In the bicycle world, single-speed and ‘fixie’ bikes are enjoying an upsurge in popularity. Like the custom motorcycle scene, it’s an entire subculture—where style and individualization are as important as getting from A to B. But what happens when these two worlds bleed into each other?
Kevin Bergeron has the answer with this unconventional bobber. Built from scratch and powered by an early-80s Yamaha XT250 motor, it draws heavily on bicycle culture, both past and present.
Kevin’s based in Alberta, Canada, where he works as a first responder. He spends his downtime building custom bikes out of a toolbox left to him by his late father. “I began modifying motorcycles as a way to express my artistic abilities,” he says, “but also to grieve, and, to some extent, spend time with my dad through his tools.”
Kevin had the vision for this project brewing in his mind for a while, but was finally spurred to action when Roland Sands Design launched their Dream Build Off contest. Since he was operating on budget he picked an engine he already had (the XT250), and started sketching out ideas on his iPad.
“I never grew up with enough money to own motorcycles,” he tells us, “so bicycles were the next best thing. I’ve always been drawn to their simple aesthetic, and what cleaner look than a ‘fixie.’ So I decided to let that lead the way for the vision of this bike.”
The centerpiece of the build is a tubular steel frame that Kevin bent and welded up himself. Some inspiration came from the GT ‘triple triangle’ bicycle that he grew up on—but there are nods to other bike building techniques too.
“I put my own spin on the frame and created an aero seat tube with a radial recess for the rear wheel,” he explains. “Every tube was TIG-welded, then capped with a brazed silicone bronze—a technique synonymous with older bicycles.”
There are hardly any off-the-shelf parts here. Kevin machined everything in-house on either his lathe or mill—including the rigid front forks, which replicate the single-crown models found on old road bicycles. “I designed them to look lugged—another very common bicycle building technique.”
Next, Kevin turned his attention to the bike’s bespoke wheel set. The front wheel uses a custom-made aluminum hub, radial-laced to a 21” rim that Buchanans in California drilled especially for the project. For the back wheel, Kevin modified the front hub from a Honda dirt bike to accept a sprocket, then laced up another 21” rim.
Aiming for supreme minimalism, Kevin set out to design a near-invisible braking system. He started with the disc and caliper from a go-kart, then attached them to the drive sprocket. Everything’s hidden away behind an ornate cover, hand-formed from aluminum.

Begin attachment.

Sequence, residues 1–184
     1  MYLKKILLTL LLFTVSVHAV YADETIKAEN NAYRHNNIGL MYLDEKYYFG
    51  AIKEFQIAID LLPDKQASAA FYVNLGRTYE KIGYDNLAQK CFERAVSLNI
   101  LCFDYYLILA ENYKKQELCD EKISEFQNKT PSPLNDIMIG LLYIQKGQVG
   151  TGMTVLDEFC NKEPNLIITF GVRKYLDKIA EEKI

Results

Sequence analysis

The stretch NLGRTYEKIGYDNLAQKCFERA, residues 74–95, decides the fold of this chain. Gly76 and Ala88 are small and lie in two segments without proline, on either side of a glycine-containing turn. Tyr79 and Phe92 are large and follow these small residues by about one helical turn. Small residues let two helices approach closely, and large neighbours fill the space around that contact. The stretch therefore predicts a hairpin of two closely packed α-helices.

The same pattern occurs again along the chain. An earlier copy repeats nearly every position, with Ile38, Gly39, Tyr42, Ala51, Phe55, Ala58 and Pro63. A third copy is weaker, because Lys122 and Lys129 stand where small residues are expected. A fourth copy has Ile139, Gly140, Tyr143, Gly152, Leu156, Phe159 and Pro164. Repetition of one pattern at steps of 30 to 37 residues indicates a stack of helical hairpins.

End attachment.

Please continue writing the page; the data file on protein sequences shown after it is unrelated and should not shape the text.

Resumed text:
The tubing that you see running from the top of the cover hosts the brake line, directing it to the right-side foot lever. The left-side lever actuates the clutch, with a small custom-made hand lever for shifting.
The only other control is the internal throttle—a part that Kevin designed and built himself, by taking cues from older Honda Monkeys. The handlebars are Renthal units that have been polished and fitted with Eclat BMX grips. But the stem that holds them in place is a one-off.
Out front is a ‘flashlight’ that was machined from aluminum, bolted to a hand-made stainless steel luggage rack. Kevin fabricated the split tanks too; one holds fuel, while the other has all the electrics packed into it. Behind them is a slim seat that he admits is neither practical nor comfortable.
As for the engine, that’s mostly stock—though it has been treated to a full top-down rebuild. “It was well used,” we’re told, “so it’s now bored to the maximum allowed tolerance.”
The exhaust is hard to spot at first, but it is there. Kevin built a ‘header’ to direct exhaust gasses into the frame’s down tube, with a boxy vent on the lower right side of the bike for them to exit through.
“The measuring and reinforcing involved to make the frame exhaust come to life proved to be far more difficult than I had anticipated,” he says. “Which, realistically, could be said for every single component of the bike. Through this build I have developed a new appreciation for the Max Hazans of the world, creating something out of nothing.”
Kevin’s bicycle-inspired build took third in its class in the Dream Build Off, and walked away with the Committee’s Choice award at Canada’s annual Kickstart Motorcycle Show. But he’s not resting on his laurels.
“There are a thousand things I would do differently,” he says, “but I am proud of this step in my constant pursuit of producing high quality work. I am very much looking forward to moving onto the next project.”
And in case you’re wondering, Kevin has actually ridden it. “I rode it three or four times and hated every minute of it. It weighs just over 150 lbs, so it’s way too fast to be a rigid.”